Stellar-mass and supermassive black holes are the two main types of black holes scientists have discovered and been able to study. Scientists have not been able to study intermediate-mass black holes as closely as stellar or supermassive black holes.
Stellar-Mass Black Holes
Stellar-mass black holes are the smallest known black holes that scientists have been able to indirectly observe. These black holes are formed when a star dies through a supernova explosion. This explosion happens when a star of at least three solar masses collapses upon itself.
The core of the star heats up millions to billions of degrees, using its last bit of energy, and collapses. The remains from the explosion, consisting of gas and dust particles, spew out into space. What was originally the core of the star, then becomes a black hole.
The mass of a stellar black hole can be up to 20 solar masses. Scientists believe that there could be many stellar-mass black holes within our galaxy, the Milky Way.
Supermassive Black Holes
Supermassive black holes are found at the center of every galaxy, including the Milky Way. These massive black holes can be more than one million times the mass of our Sun. Since supermassive black holes are found at the center of galaxies, scientists believe there is a connection between the time galaxies and supermassive black holes formed.
Sagittarius A is the supermassive black hole that sits at the center of our galaxy. The solar mass of Sagittarius A is about 4 million times greater than that of our Sun. The diameter of our supermassive black hole is about 93 million miles – the equivalent of the distance from the Earth to the Sun.
The center of the Milky Way galaxy is about 28,000 light-years away from Earth. One light year is the equivalent to 5.8 trillion miles. Therefore, the distance between the Earth and the center of the Milky Way is about 162,400 trillion miles. This places us very far away from the supermassive black hole at the center of our galaxy.
Intermediate-Mass Black Holes
Before intermediate-mass black holes were discovered, astronomers predicted that they were somewhere out there in space. Intermediate black holes are believed to be larger than stellar black holes, but smaller than supermassive black holes. Astronomers estimate that these black holes would be about 100 to 10,000 solar masses.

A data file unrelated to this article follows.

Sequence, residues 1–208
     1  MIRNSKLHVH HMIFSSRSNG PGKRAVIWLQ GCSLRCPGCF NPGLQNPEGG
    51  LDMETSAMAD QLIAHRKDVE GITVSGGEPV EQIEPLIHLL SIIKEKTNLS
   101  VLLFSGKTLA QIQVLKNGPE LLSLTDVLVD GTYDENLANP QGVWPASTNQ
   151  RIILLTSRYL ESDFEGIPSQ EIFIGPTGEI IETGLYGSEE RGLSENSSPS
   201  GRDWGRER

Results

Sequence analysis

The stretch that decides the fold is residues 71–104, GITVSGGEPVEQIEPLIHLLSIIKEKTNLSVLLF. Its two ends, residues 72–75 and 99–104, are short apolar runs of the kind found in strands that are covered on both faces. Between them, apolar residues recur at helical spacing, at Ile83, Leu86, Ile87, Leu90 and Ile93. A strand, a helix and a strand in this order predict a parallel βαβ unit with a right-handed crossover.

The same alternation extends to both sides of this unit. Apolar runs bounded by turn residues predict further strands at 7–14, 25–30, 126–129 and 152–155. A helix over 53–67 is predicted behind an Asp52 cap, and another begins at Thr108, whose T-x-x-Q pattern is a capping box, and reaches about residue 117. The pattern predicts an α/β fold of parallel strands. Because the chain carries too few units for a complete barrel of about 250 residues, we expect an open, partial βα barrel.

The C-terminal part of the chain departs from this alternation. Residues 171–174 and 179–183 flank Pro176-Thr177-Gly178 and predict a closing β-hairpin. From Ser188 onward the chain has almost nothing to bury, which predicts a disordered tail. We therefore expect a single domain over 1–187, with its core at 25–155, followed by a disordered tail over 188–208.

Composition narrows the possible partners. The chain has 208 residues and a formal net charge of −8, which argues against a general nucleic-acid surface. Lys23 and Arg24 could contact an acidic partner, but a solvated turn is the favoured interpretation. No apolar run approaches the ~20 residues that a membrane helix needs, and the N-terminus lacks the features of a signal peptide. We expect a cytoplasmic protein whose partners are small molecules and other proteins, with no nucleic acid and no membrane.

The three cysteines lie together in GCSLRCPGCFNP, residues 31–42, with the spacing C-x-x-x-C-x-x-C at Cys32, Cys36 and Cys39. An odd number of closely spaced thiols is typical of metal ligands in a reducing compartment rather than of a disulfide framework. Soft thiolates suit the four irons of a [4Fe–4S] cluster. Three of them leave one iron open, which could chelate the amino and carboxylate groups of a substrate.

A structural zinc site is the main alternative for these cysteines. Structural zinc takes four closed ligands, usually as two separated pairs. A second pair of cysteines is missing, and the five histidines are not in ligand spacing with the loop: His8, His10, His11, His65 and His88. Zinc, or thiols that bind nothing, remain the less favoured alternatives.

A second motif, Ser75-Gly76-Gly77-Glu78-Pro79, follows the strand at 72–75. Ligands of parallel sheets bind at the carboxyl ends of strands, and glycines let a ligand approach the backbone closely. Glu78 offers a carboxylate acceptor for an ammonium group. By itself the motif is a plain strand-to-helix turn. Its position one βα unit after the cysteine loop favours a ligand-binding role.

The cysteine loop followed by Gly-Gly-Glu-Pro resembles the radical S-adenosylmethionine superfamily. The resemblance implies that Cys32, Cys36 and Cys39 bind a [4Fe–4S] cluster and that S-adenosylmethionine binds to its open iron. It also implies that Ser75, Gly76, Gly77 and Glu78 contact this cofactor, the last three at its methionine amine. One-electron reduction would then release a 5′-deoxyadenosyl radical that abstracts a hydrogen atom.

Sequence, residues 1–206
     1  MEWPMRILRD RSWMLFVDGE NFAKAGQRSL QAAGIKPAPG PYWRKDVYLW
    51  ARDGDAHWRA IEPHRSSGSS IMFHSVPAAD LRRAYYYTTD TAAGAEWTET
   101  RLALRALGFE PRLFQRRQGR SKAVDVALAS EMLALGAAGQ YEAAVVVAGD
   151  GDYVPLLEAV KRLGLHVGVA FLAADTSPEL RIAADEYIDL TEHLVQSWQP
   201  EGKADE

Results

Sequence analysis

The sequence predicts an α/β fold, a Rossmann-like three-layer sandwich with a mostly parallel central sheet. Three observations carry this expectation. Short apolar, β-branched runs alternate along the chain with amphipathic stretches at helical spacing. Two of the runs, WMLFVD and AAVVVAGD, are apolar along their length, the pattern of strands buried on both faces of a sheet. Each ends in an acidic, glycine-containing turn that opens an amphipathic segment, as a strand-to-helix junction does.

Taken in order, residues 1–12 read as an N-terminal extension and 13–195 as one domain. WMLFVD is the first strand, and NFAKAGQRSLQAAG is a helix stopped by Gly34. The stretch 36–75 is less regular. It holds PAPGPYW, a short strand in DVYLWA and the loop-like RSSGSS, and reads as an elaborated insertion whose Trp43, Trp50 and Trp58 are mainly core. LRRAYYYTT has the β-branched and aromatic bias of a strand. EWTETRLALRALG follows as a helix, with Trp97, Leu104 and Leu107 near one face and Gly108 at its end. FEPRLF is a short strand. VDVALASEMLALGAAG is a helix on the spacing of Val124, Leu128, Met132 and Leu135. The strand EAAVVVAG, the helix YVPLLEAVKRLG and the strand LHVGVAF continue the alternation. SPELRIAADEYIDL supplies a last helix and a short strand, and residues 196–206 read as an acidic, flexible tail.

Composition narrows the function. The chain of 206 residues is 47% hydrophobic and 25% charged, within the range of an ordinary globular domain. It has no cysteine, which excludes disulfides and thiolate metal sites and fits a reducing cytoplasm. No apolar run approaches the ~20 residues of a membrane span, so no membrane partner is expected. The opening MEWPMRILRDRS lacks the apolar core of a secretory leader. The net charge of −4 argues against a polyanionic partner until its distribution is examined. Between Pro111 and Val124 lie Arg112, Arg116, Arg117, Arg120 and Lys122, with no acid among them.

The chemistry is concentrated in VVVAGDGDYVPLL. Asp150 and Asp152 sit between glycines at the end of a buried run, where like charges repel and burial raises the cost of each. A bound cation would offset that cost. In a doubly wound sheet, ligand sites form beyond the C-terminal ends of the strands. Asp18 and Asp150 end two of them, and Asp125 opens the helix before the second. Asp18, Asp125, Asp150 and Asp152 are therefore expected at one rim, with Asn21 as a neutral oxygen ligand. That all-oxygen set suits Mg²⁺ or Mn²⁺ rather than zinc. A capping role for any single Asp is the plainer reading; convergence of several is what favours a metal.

In 2019, a discovery was made that solidified the existence of intermediate black holes. The Laser Interferometer Gravitational-Wave Observatory (LIGO) was able to detect gravitational waves released from two smaller black holes merging together. As a result of the merger, the two black holes created an intermediate black hole of 142 solar masses.
Very little is known about the formation of these black holes, but scientists believe that they are created by two small black holes merging together like the event detected in 2019.
Could We Get Sucked into a Black Hole?
According to NASA, the Earth could not be destroyed by a black hole because our solar system is not close enough to the black hole we have in our galaxy. Additionally, our Sun does not have enough mass to turn into a black hole. Billions of years from now, the Sun will begin to shed its outer layers and turn into a white dwarf star.
Even if the Sun did turn into a black hole, it would maintain the same gravity as our Sun. As a result, the planets in our solar system would continue to orbit the impossible black hole.
What Would Happen if You Were Sucked into a Black Hole?
Let’s say you could travel out into space and get close to a black hole. Once you enter the event horizon of a black hole, your perception of space and time would be changed drastically. This would also be the point of no return, as the gravitational pull would be too strong for you to escape.
As the event horizon begins to pull you into the center, your body would start to be compressed and stretched. Scientists call this process spaghettification because you would essentially be stretched like a noodle. You would then be pulled down into the center of the black hole, becoming one with all of the mass in the singularity.
Overview: Do Black Holes Exist?
Black holes do exist in our universe. Since all the light gets sucked in and trapped in the center of a black hole, scientists are unable to observe them directly. However, we do know that they are out there. Scientists use special telescopes and instruments to observe x-rays, radio waves, and gravitational waves from black holes, and to study the matter that swirls around them.